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I'm writing a qt-based c++ application and i need to be able to detect memory fragmentation in order to check if the current system can actually sustain the memory load: the program load a big image (15/21 megapixels are the norm) in memory and then perform some filtering on it (w/ sparse matrices). For instance, i'm having memory fragmentation problem in Windows and VMMap has been very helpful in this: the problem was some DLLs (Wacom tablet "wintab32.dll" and the UltraMon app) doesn't get relocated so are splitting the address space at the 0x10000000-0x30000000 VA of the process.

I want to provide the application with some sort of awareness toward the fragmentation problem and wondering if a cross-platform (linux/mac/win32) approach giving the information VMMAP gives already exist.

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To be picky: The existence of a heap is an implementation detail, C++ refer to the free-store. – dalle Sep 21 '09 at 9:39
You are right, but i did it on purpose since "heap" seems to be a far more generally accepted term ;) – Manuel Sep 21 '09 at 9:52
It's not just a difference in terminology. The free store doesn't need to be a heap at all. It's merely however the implementation decides to solve memory-allocation requests. – Rob Kennedy Sep 21 '09 at 16:22
up vote 3 down vote accepted

Short answer: There is no portable way.

Longer answer: How the heap is implemented and how it works is an implementation detail of your implementation that widely differs between platforms, std libraries, and operating systems. You'll have to create a different version for each implementation - provided, the implementation gives you an API to hook into it. (Which I think should be the case for the three platforms you target.)

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I think you are overly pessimistic. 21 Megapixels, even assuming a colordepth of 16 bits and an equal-sized alphachannel would take only 168 MB. The available address space on a 32 bit system is measured in gigabytes.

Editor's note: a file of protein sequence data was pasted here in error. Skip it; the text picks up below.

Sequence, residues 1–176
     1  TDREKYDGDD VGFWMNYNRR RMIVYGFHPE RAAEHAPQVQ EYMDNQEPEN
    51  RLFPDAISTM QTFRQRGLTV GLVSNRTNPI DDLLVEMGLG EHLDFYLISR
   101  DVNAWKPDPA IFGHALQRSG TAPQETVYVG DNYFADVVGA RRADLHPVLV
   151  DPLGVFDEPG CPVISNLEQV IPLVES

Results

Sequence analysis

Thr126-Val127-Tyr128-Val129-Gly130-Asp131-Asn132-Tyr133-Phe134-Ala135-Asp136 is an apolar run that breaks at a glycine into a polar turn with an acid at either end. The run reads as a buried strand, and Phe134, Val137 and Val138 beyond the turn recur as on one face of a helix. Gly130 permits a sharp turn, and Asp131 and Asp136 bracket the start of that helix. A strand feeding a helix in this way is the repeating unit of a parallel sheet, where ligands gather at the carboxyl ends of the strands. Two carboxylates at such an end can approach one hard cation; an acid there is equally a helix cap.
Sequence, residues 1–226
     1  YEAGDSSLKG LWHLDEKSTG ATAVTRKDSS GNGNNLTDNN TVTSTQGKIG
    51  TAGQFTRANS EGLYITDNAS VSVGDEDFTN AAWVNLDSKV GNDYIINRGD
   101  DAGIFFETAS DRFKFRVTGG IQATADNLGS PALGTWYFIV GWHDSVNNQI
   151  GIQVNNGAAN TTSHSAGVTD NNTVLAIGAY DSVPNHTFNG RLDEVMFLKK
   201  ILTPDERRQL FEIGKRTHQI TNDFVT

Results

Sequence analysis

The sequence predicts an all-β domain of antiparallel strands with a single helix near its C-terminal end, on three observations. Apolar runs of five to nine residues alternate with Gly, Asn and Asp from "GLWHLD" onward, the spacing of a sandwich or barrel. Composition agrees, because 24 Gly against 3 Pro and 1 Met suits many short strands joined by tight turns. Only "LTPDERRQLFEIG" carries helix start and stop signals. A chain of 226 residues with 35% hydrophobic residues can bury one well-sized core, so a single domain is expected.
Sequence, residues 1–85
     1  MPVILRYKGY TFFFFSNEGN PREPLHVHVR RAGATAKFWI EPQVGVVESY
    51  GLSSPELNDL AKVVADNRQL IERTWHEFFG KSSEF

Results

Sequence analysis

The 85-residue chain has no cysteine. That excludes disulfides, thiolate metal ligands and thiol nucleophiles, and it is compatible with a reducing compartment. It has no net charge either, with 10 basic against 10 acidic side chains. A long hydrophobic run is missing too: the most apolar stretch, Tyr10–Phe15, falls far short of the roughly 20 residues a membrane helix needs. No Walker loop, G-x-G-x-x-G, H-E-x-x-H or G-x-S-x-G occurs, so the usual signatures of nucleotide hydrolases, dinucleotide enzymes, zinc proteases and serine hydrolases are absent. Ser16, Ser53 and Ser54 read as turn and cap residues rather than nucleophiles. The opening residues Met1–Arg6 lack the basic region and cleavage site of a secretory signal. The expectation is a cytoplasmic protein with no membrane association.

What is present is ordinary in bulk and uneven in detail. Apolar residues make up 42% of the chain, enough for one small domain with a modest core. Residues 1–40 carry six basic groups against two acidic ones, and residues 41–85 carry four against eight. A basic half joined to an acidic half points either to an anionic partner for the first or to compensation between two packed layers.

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Since precision is a must, the image are represented in memory with float values (32bits) and there are always three channels (RGB or CiELab) leading to 252MB, but that's not the point. Sometimes the application start with the largest allocatable block to be 1.4Gb, sometimes only 500Mb, and the DLLs causing most of the fragmentation at lower VA is the "wintab32.dll" loading at 0x10000000. The available address space on 32bit systems is measured in gigabytes, but it doesn't matter if you have 3gb total free in small chunks, fragmentation causes bad_alloc on a 4gb-ram machine anyway... – Manuel Sep 21 '09 at 10:59
Unfortunately, it seems that once a DLL get loaded at says 0x10000000, every other DLL get relocated near this VA: disabling the Wacom tablet make it possible for other DLLs to get pushed upper, but whenever a lower limit get used then other DLLs (such as uxtheme.dll) get loaded near it. – Manuel Sep 21 '09 at 11:01
If you don't mind changing the DLL, you can alter its preferred base. 0x10000000 is a particular poor default nowadays. – MSalters Sep 21 '09 at 11:11
That's right, a really poor choice, unfortunately this DLL cannot be rebased (rebase -v -b 0x10000000 wintab32.dll says it cannot be rebased). – Manuel Sep 21 '09 at 11:49

Would this do what you need?

bool is_contiguous_freestore_available(size_t max)
   char* tst = new(std::nothrow) char[max];
   if (tst == null)
      return false;

   delete[] tst;
   return true;
share|improve this answer
Not really since i would like to detect the situation, although "working", doing that could be very well fragment the memory itself. – Manuel Sep 23 '09 at 10:00

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